Making solar cells out of silicon is difficult. There’s plenty of manufacturing steps, many of them at very high temperatures, and you need a high vacuum and a clean room. However, perovskite solar cells–cells made with hybrid organic-inorganic materials in a perovskite crystal structure–are relatively easy to make using wet chemistry involving solvents or vapor deposition.
In theory, silicon solar cells could be 30% efficient, but in reality, 25% seems to be a practical limit with commercial cells typically topping out at 20%. Perovskite cells are nearly that high now, and could be higher by stacking thin layers, each sensitive to different wavelengths of light.
A recent development at the Lawrence Berkeley National Laboratory may lead to even more efficient perovskite cells. Researchers found that certain crystal structures had a much higher efficiency than other structures. The problem now is figuring out how to produce the crystals to increase the prevalence of that structure.
That’s not the only problem, though. Perovskite cells degrade quickly. The materials used tend to be water soluble, and the cell breaks down in most environments. There has been work to make longer lasting cells. The current record for efficiency in a single-junction perovskite cell is 22.1%.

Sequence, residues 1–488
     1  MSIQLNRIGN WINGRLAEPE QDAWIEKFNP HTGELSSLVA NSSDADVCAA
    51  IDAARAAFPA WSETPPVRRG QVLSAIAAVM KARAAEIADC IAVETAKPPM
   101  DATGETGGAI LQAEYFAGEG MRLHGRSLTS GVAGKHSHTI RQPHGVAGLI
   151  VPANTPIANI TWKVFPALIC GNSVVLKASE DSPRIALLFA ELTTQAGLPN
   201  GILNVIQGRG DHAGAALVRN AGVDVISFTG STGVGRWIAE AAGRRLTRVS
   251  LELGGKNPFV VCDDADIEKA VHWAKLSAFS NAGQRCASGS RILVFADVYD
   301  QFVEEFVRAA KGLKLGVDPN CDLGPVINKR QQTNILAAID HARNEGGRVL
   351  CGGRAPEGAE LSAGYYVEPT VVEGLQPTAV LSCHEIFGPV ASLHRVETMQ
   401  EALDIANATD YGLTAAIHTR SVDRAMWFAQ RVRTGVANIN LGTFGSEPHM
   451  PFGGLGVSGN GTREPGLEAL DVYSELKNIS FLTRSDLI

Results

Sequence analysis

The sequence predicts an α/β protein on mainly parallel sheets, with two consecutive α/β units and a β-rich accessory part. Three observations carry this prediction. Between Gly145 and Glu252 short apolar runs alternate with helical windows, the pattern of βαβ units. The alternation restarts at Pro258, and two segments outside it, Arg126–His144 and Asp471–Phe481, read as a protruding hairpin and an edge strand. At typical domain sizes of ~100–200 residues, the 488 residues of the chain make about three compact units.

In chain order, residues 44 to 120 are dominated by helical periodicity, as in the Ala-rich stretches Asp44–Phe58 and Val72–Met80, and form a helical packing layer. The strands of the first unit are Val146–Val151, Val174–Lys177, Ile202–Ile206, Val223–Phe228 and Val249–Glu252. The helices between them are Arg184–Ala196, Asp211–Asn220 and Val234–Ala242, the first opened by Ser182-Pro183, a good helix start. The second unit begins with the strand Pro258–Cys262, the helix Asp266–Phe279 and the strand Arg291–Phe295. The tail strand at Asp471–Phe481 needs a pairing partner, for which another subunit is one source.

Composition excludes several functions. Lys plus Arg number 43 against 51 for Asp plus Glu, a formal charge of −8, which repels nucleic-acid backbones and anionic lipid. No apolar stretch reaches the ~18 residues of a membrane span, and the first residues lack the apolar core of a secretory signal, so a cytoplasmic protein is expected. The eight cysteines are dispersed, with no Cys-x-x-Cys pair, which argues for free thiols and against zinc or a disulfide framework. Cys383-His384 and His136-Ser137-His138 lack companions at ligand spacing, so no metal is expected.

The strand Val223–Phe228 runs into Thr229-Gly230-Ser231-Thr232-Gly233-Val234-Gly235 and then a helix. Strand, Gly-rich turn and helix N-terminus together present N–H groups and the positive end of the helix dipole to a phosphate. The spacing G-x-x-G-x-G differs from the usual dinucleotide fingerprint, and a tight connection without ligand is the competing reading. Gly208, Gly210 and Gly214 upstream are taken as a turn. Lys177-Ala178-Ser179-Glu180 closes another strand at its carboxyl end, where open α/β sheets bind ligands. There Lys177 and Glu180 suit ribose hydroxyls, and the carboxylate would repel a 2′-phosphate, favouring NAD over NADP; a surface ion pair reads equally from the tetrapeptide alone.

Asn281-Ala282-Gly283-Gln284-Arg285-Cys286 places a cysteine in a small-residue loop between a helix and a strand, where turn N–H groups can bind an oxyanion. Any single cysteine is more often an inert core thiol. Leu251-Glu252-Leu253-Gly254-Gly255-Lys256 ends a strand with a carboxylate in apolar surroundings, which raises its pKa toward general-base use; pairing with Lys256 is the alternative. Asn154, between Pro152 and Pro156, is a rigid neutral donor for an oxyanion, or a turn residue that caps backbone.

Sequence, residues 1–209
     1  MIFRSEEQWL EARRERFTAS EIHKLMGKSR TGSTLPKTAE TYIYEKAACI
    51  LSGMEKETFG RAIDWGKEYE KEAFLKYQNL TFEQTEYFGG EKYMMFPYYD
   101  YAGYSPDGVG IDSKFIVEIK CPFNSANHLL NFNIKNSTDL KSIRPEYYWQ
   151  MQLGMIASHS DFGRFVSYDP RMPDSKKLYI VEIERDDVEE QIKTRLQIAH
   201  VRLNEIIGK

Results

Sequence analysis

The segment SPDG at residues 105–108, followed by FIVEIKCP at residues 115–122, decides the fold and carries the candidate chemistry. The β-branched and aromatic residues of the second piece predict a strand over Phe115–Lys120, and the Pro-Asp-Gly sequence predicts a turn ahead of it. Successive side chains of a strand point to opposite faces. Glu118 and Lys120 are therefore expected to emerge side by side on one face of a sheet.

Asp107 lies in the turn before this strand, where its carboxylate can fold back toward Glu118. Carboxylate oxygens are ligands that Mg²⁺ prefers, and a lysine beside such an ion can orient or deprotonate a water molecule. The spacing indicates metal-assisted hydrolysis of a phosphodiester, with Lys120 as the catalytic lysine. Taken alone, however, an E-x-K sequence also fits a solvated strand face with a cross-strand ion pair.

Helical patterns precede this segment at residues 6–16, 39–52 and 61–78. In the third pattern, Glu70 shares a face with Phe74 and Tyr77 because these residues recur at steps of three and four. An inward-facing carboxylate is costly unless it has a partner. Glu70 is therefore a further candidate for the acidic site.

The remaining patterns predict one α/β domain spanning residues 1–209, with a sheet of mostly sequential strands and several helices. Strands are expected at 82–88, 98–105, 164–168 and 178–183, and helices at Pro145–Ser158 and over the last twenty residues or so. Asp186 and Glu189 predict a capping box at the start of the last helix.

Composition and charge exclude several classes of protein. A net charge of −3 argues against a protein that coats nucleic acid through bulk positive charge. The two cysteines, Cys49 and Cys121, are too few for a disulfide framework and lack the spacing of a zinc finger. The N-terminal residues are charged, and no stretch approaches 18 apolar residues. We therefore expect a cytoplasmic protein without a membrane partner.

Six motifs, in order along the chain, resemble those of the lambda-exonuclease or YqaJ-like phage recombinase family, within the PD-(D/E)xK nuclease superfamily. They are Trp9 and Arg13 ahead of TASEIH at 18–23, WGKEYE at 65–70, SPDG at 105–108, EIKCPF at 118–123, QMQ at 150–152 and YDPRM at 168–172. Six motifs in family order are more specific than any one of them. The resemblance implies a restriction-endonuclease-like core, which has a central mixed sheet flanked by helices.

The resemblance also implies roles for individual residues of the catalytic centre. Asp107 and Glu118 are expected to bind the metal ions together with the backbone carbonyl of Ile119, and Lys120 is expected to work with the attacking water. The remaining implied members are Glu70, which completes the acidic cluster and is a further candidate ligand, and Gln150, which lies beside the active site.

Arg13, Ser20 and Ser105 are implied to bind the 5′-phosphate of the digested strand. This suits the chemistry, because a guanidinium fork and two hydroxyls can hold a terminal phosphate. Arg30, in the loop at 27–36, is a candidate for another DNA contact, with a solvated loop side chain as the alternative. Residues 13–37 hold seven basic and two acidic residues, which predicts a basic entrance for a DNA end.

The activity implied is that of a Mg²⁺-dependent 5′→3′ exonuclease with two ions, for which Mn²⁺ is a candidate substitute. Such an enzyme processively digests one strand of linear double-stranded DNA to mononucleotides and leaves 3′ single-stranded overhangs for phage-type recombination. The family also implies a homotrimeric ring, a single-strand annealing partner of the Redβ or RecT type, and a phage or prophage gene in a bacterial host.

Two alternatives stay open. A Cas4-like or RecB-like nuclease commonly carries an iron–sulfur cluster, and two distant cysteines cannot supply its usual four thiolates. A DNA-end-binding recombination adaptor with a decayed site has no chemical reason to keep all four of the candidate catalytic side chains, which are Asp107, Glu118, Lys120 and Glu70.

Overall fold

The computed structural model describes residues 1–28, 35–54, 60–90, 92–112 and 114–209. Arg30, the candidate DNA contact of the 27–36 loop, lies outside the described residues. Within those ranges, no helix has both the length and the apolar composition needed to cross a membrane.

Researchers hope to solve the stability problem and produce highly efficient solar films using this technology. They envision light, transparent, and cheap solar cells that would be as easy to apply as wallpaper, covering any surface that has sun exposure.
If you want to try your hand at building your own perovskite cells, you might enjoy the videos below. Notice you can actually make the cells. Usually, when we see a DIY solar project, it starts with conventional solar panels. Unless, of course, it doesn’t create electricity.